Phosphatidylinositol 3-kinase (Ptdins-3K) is an important enzyme in signal transduction pathways and regulates a variety of biological responses including glucose uptake, cell survival, cell proliferation, motility, endocytosis, vesicle trafficking, and autophagy. Ptdins-3K mediates these responses by generating the second messengers Ptdins(3)P, Ptdins(3,4)P2, and Ptdins(3,4,5)P3. which then activate downstream signaling responses by mediating protein-lipid interactions; Ptdins(3,4)P2, and Ptdins(3,4,5)P3 activate downsteam signaling molecules by binding a subset of proteins with pleckstrin homology (PH) domains and Ptdins(3)P functions by binding a subset of proteins with PX or FYVE domains.
Myotubularins constitute a large family of lipid phosphatases that specifically dephosphorylate Ptdins(3)P. MTM1 is mutated in X-linked myotubular myopathy and MTMR2, and MTMR13 are mutated in Charcot-Marie-Tooth disease (CMT type 4B), although the mechanisms whereby MTM dysfunction leads to these diseases is unknown. Moreover, little is known about the general mechanism(s) whereby MTMs are regulated, or the specific biological processes regulated by the different MTMs. We have undertaken several different approaches to understand the mechanisms whereby loss of MTMs lead to disease as well the mechanisms whereby MTMs are regulated and function to specifically regulate distinct downstream targets of Ptdins(3)P.
Our initial studies of MTMs in the nematode C. elegans provided the first genetic evidence that MTMs function non-redundantly to dephosphorylate Ptdins(3)P and negatively regulate the Class III Ptdins3K. In addition, we identified 2 MTMs (MTMR6 and MTMR9) that function together as a heterodimer and play an essential role in endocytosis in C. elegans.
We recently identified several proteins that bind specifically to a single class of MTMs and which are specifically regulated by that MTM. One MTM target we identified is a Ca2+-activated K+ channel, KCa3.1 (also known as IKCa2+ or SK4). KCa3.1 plays important roles in controlling proliferation by T cells by helping to maintain a negative membrane potential thereby facilitating Ca2+ influx. We found that KCa3.1 channel activity requires Ptdins(3)P and that MTMR6 inhibits Ptdins(3)P by dephosphorylating the 3’ position of Ptdins(3)P, leading to decreased Ptdins(3)P levels. Moreover, by inhibiting KCa3.1, MTMR6 functions as a negative regulator of Ca2+ influx and proliferation of human CD4 T cells pointing to a new and unexpected role for Ptdins(3)P and the Ptdins(3)P phosphatase MTMR6 in the negative regulation of CD4 T cells. Work is ongoing to examine the in vivo role of MTMR6 in T cell function as well as the mechanisms whereby Ptdins(3)P regulates KCa3.1 channel activity.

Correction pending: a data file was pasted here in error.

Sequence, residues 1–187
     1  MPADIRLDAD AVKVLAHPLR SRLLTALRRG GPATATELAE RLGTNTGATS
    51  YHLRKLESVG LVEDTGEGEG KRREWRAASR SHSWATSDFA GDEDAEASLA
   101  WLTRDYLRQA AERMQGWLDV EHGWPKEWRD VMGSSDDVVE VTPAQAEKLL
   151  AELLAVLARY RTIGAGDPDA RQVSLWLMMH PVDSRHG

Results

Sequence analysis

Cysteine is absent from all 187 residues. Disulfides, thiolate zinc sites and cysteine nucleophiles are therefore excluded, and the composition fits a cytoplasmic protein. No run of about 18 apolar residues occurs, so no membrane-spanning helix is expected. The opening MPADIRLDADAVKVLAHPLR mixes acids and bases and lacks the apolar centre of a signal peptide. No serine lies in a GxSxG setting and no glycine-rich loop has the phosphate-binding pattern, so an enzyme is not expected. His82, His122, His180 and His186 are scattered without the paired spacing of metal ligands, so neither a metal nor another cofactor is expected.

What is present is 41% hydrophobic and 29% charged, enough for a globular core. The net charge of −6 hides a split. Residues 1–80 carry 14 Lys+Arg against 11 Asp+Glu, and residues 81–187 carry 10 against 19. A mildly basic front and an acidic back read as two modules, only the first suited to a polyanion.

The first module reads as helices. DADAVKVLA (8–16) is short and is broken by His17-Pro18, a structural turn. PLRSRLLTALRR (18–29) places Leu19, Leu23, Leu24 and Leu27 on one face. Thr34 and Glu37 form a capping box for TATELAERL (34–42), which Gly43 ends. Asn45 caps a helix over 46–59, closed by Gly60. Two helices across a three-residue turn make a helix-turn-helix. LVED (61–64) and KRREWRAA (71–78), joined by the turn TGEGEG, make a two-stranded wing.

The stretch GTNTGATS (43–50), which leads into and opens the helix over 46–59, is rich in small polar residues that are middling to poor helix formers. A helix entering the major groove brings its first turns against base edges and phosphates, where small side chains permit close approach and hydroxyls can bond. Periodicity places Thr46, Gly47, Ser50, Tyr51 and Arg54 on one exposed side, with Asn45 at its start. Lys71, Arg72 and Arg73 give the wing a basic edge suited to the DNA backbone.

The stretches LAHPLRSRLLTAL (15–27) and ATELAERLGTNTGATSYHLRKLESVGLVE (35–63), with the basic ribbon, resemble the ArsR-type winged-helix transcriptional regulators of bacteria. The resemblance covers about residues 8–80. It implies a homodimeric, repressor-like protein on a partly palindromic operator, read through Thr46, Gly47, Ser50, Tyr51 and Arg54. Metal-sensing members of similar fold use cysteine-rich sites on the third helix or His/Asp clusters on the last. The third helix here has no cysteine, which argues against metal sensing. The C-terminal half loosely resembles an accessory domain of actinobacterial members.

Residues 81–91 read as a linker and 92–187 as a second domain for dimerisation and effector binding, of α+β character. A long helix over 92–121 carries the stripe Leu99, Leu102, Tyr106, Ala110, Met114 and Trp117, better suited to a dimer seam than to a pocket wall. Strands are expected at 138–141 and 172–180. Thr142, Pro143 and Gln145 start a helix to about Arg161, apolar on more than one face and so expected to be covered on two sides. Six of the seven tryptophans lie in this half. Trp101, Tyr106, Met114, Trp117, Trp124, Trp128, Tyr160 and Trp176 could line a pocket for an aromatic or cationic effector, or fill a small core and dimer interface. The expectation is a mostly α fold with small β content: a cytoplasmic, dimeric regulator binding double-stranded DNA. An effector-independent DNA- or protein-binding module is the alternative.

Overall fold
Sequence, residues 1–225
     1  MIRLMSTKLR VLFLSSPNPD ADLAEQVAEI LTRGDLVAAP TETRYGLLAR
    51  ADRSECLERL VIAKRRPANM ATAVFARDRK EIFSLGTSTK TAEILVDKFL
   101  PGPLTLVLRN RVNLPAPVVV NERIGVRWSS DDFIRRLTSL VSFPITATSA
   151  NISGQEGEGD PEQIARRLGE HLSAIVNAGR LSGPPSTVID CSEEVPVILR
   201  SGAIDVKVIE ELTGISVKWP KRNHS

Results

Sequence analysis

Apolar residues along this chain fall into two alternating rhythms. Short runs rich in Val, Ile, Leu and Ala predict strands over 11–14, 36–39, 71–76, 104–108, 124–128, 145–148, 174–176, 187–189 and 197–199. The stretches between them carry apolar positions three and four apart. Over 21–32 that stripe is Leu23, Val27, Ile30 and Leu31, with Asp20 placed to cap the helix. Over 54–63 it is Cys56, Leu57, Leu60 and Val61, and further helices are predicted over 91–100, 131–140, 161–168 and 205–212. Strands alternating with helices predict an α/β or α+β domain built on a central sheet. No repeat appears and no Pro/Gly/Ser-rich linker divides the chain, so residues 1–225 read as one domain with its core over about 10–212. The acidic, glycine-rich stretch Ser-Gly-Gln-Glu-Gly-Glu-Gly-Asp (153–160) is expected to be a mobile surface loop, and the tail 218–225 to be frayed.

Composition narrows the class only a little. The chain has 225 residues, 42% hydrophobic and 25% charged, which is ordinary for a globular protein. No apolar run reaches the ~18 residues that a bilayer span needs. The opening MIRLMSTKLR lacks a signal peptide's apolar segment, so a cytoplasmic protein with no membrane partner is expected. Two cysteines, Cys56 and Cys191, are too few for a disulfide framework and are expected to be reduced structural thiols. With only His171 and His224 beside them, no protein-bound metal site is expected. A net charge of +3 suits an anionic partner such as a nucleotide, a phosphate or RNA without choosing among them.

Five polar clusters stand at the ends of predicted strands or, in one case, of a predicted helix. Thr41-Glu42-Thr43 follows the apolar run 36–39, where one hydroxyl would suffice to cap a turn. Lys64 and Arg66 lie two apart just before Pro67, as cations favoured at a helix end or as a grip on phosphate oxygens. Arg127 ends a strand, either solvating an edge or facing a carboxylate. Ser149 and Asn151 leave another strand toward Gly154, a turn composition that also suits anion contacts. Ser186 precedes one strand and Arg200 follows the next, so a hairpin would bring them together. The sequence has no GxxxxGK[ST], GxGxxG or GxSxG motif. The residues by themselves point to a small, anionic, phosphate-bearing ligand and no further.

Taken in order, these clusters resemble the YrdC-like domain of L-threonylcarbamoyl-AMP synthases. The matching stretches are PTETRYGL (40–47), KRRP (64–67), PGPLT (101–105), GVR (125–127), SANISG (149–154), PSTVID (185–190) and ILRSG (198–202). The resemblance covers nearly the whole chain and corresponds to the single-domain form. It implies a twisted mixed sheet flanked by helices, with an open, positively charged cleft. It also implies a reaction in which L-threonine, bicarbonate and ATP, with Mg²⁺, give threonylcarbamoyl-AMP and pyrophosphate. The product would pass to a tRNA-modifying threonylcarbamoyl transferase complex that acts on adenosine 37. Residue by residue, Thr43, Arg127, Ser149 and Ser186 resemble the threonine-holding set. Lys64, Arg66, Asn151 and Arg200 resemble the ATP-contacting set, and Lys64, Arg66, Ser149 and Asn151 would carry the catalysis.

To understand additional mechanisms whereby PI3-kinase regulates these responses, we identified and cloned several new Ptdins-3K targets and are working to elucidate the function of these proteins in Ptdins-3K signaling. In this regard, we recently studied mice deficient in BAM32 (B Cell Adaptor Molecule of 32 kDa), one of the PH-domain containing molecules we identified. We found that Bam32 was essential for normal B-cell proliferation following B cell receptor (BCR) activation and in generating T-independent II responses, the latter leading to a markedly increased susceptibility to infection by Streptococcus pneumonia We are now working to identify the signaling pathways regulated by BAM32 and whether mutation in BAM32 may account for increased susceptibility to encapusulated organisms in a subset of immunodeficient patients.
We previously identified a Ste20 kinase that interacts with the SH3 domains of Nck, termed NIK (Nck Interacting Kinase). We found that NIK and its Drosophila ortholog termed misshapen (msn) specifically activate the JNK map kinase pathway and are essential genes in development. Using genetics in Drosophila and experiments in mammalian cells and knock out mice, we have mapped out some of the pathways in which NIK and msn function. We are currently continuing to use these systems to further understand the biological roles of this family of kinases. More recently, we have begun to study the role of NIK in cancer. NIK protein expression is upregulated in a number of cancers and may contribute to oncogenesis by integrating growth signals from integrins.